Red Hook, I love it. The place has a faded sense of history, the polyglottal shouts of long-dead stevedores hanging in the air. It retains an atmosphere of waterfront decay à la Season 2 of The Wire that has been excised from other neighborhoods better served by public transport, even as much of Red Hook’s actual waterfront has been landscaped into parks and recreation areas. Still, looking out over the harbor, especially during the winter, one can be forgiven for concocting anachronistic adventure fantasies of hauling aboard a steamer ship bound for Singapore. As the proposal to build a street car from Atlantic Avenue down to Red Hook looks doomed, perhaps the neighborhood will continue to hold fast to its uniqueness, a sensibility that persistently remains in the face of IKEA and Fairway, which, truth be told, are very convenient to have around if you live nearby.
If you do determine to make it out to Red Hook, your drinking needs will be well-catered to with old-school bars, including Sunny’s and Bait and Tackle, that are great for a shot of whiskey with a beer chaser. For cocktails, though, the place to go is Fort Defiance.
Opened two years ago by St. John Frizzel, who used to tend bar at Pegu Club, it’s both a restaurant and bar, with good brunch (the Muffaletta sandwich is the size of a toilet seat) and a solid, if limited, dinner menu. Already a fan of Mr. Frizzel’s for his resurrection of the cocktails that were variously recorded and/or just plain made up by 1930s bon vivant Charles H. Baker, including FP favorite the Remember the Maine, I recently attended a panel discussion on the use and overuse of history in cocktails — a bit of inside baseball, to be sure — for which Mr. Frizzel was a member of the panel. I liked his take: a little history’s good, even if it’s made up, but too much and you get perilously close to the ridiculousness of a Civil War reenactor.
What Frizzel’s set up at Fort Defiance embodies this philosophy. The cocktail menu is good mix of new and old drinks — all of which are well-made. I’m told that the Colonial Cooler will soon be back on the menu, too. Ordering off the menu, however, depends a bit more on who’s behind the stick. On a recent excursion, I had a rum old-fashioned with a hard-to-find brand of rum from Antigua, which I enjoyed very much. I also had a great Manhattan variation made to order, with sweet vermouth swapped out for a heavenly glug of Amaro Nonino. My drinking associate had a Corpse Reviver No. 2 and a Morris. A minor detail, but I liked their odd assortment of glassware. In short, the drinks selection is solid, with enough range to satisfy those new to cocktails and old hands alike.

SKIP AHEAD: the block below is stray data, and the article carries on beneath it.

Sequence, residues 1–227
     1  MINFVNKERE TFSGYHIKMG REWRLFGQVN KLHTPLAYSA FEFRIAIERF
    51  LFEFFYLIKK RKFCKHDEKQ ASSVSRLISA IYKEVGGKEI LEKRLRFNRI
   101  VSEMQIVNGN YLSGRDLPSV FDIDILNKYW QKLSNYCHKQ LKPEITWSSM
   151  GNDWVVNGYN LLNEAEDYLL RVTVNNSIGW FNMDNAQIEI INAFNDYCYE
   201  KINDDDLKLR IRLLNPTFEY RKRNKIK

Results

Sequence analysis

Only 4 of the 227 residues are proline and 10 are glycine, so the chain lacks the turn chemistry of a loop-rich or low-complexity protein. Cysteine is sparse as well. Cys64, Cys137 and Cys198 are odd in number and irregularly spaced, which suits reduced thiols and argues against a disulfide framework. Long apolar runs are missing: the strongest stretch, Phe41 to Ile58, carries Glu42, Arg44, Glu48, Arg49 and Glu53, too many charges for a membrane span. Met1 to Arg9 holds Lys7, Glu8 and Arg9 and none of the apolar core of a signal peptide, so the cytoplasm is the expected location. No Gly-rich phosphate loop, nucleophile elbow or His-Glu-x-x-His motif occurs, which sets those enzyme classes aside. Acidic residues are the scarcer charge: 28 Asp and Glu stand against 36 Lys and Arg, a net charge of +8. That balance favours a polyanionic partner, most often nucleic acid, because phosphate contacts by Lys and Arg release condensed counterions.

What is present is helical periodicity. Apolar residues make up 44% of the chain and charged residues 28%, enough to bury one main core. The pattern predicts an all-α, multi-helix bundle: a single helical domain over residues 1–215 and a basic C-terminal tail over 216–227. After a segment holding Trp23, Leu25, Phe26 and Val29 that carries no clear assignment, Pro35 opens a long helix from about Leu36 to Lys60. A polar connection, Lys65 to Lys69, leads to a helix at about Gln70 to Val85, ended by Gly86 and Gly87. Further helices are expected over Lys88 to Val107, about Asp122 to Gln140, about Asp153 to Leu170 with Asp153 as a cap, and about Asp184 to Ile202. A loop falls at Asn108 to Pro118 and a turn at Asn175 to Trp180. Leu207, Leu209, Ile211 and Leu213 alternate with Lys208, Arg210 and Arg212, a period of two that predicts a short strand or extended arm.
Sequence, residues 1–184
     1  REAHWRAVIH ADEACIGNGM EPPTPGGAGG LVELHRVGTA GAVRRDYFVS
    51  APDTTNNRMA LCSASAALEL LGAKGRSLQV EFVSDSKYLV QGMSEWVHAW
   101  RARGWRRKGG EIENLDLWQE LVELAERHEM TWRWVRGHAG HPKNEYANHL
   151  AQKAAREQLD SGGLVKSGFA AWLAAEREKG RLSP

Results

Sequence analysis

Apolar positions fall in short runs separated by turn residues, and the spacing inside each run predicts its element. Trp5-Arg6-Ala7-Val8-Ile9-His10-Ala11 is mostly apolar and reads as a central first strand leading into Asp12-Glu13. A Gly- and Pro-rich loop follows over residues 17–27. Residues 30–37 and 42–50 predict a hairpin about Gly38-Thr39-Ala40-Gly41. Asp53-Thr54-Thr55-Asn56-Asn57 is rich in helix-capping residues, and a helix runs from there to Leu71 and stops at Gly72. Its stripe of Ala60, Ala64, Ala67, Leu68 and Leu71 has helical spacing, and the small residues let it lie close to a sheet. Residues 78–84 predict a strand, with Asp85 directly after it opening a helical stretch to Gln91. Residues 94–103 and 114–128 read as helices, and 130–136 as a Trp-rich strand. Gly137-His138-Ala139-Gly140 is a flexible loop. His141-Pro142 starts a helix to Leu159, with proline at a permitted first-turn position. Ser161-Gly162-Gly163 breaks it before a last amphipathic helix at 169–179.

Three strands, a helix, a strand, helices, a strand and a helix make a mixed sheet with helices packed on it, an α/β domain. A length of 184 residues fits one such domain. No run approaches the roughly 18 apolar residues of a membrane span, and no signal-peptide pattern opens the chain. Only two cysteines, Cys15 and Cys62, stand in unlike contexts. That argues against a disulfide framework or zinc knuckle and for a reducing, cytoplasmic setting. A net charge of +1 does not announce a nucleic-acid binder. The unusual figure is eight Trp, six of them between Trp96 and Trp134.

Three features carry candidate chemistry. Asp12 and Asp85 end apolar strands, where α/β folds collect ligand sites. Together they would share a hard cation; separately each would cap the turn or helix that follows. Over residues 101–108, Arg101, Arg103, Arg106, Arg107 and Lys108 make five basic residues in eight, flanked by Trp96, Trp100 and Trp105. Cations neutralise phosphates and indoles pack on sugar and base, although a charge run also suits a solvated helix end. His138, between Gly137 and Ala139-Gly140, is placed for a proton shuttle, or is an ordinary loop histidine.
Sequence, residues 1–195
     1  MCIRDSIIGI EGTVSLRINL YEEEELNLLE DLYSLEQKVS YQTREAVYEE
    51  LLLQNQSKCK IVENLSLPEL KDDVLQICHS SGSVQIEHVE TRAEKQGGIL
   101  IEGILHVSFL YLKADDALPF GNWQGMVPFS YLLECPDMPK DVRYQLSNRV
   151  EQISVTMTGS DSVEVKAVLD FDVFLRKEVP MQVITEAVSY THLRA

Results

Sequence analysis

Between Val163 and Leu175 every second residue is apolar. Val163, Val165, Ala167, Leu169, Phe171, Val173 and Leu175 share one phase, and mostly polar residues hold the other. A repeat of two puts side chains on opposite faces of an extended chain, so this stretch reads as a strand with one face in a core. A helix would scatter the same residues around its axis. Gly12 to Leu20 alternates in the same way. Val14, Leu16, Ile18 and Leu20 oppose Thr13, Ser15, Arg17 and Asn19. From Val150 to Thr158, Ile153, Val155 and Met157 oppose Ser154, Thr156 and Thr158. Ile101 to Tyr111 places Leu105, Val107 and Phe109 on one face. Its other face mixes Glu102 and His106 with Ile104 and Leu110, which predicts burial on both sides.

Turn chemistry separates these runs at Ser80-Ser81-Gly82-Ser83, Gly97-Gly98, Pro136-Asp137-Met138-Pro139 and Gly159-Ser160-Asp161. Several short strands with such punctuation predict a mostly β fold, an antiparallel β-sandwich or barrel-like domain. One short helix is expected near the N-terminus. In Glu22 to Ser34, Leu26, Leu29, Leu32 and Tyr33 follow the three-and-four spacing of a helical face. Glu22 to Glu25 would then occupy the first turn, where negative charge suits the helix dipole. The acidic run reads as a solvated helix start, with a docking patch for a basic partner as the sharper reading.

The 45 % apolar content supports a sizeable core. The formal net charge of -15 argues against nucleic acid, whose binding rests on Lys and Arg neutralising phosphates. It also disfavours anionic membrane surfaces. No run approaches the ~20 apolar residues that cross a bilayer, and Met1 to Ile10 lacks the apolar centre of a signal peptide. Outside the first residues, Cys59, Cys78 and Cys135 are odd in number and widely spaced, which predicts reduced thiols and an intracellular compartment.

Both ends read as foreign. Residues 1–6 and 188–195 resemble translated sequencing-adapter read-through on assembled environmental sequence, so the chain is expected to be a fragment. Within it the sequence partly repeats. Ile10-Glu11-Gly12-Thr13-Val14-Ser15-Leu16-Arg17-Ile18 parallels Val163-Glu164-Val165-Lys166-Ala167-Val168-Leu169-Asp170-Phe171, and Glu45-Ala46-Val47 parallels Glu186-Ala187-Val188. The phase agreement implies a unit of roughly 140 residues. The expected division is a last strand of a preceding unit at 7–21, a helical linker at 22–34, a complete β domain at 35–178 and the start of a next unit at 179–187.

Finally, it bears notice, too, that what most sets Fort Defiance apart in my mind is the hospitality. A strange, ineffable thing, and, as a term, debased by its industrialization, hospitality should be part of any good bar, i.e. one that makes you feel welcome. Perhaps due to Red Hook’s relative remoteness, upon entering Ft. Defiance you immediately feel part of the place, and are well attended to by the friendly staff. It makes a difference.
As we’re discussing Red Hook, I’d be remiss not to mention the cocktail named for the neighborhood; it was created by Enzo Errico at Milk & Honey in 2005.
The Red Hook
2 oz. rye whiskey
½-¾ oz. Punt y Mes
¼-½ oz. maraschino liqueur
Stir with ice; strain into a chilled cocktail glass; garnish with cherry.
A variation of either a Manhattan or a Brooklyn, depending upon whom you ask, it rode the rye whiskey revival and ushered in a frenzy of micro-geographic cocktails that Beta (neé Rogue) Cocktails summed up with its contribution: the NY Brown and Stirred. That said, the Red Hook cocktail is one of my favorites.